Research article

Future requirements for growth

What are the catalysts to achieving large-scale growth and innovation in the region? What are the barriers and constraints to overcome?

The Central South is well-placed to deliver growth. It can do this by focusing on its existing core strengths, including its strong maritime economy, six universities with linked science and innovation parks such as the Southampton Science Park, the relative affordability of housing in the Central South in comparison to the wider South East alongside its attractive coastal offer. But in order to succeed, there are clear barriers to overcome to accelerate growth.

Better planning for employment and improvements to infrastructure, facilitating greater connectivity across the Central South, will support existing businesses but also attract new commercial occupiers and inward investment. As a result, an enhanced business offering will create more high-value job opportunities to attract and retain talent in the region.

Building more homes in the right places, across a range of price points and a diverse range of tenures is also key to unlocking growth and supporting the retention of a highly skilled workforce for the long term.

Strategic planning to deliver a more joined-up approach to growth across the Central South is fundamental in order to overcome land and planning constraints currently preventing new supply from coming forward.

Physical land constraints

With the English Channel and the Solent to the south and other planning constraints such as the Green Belt and national parks, there is a scarcity of available land for new housing and employment across the Central South. This makes it even harder to bring forward deliverable sites through planning, particularly at a time when planning consents are falling due to a lack of clarity at the national level.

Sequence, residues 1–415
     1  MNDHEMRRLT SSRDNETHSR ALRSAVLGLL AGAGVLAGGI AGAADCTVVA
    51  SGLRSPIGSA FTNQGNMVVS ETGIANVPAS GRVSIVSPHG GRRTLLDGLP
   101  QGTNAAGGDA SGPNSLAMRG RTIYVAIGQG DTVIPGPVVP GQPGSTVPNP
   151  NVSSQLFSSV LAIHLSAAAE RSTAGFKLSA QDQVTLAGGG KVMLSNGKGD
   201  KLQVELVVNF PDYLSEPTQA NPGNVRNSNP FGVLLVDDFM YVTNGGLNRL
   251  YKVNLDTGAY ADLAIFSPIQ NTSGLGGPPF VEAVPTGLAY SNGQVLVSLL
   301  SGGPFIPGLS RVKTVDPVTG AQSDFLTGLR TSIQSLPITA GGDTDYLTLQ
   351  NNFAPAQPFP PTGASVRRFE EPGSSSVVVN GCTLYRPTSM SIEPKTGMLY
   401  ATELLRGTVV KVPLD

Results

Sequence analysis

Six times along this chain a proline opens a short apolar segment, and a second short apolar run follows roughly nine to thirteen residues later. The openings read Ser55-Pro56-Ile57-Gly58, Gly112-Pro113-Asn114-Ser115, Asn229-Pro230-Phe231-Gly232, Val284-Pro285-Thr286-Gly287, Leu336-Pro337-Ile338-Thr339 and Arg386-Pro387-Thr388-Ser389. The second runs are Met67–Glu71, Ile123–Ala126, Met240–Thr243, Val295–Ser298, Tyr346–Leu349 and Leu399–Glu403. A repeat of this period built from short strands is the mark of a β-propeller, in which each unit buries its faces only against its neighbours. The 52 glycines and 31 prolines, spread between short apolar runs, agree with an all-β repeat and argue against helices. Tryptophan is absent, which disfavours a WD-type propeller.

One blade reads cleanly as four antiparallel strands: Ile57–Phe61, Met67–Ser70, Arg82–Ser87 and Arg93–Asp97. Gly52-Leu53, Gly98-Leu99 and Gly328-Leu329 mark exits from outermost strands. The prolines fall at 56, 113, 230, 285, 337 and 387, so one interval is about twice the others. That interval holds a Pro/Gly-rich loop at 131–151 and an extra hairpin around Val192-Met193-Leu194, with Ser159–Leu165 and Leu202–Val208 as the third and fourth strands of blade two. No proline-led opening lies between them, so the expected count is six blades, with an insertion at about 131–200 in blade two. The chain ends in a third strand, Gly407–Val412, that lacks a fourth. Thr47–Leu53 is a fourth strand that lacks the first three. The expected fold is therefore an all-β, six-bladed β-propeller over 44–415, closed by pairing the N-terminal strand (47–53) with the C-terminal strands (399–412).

The Dorset Heathlands are a further constraint on housing growth due to the restrictions on development within 400 metres of heathland areas.

Nutrient neutrality is a further major planning constraint which has been significantly constraining new development across the region.

As of August 2023, there were 55 sites with a full application submitted but remain undetermined across the Solent in nutrient neutrality catchment areas, with a total combined capacity to deliver 6,982 homes. For sites with full permission granted, this was slightly lower, with 2,631 homes spread across 29 sites, according to data from Glenigan.

There is increasing evidence of mitigation schemes that have been used by some local authorities in the region to unlock development, indicating progress towards overcoming this major development constraint in the region.

Fail to plan, plan to fail?

Plan-making, or lack of, is equally a major constraint in the region, resulting in reduced levels of housing delivery across the Central South. Local Plans are largely out of date, with Portsmouth’s dating back to 2012 and Southampton back to 2010. Both face a presumption in favour of development due to failing their Housing Delivery Test with new plans a long way off from being adopted.

In Bournemouth, Christchurch and Poole, where the three local authorities combined to form a single unitary authority in 2019, a joint Local Plan has stalled with the council announcing a two-year delay due to lack of clarity from central government around housing targets and Green Belt release.

A failure to adopt Local Plans across the region and plan for future housing requirements at both a local level and a more joined-up strategic level poses a significant risk to future economic growth in the Central South. A lack of housing supply across a variety of price points and tenures, in particular in the urban centres or within a reasonable commuting distance, makes the region less attractive to both employees and commercial occupiers.

However, Southampton is leading the way in its plans for future evolution of the city through the creation of a Southampton Renaissance Board made up of key city stakeholders, including local institutions, landowners and businesses. This will be allied to the development of the Renaissance Masterplan setting out a clear vision for the future growth of the city over the coming decades.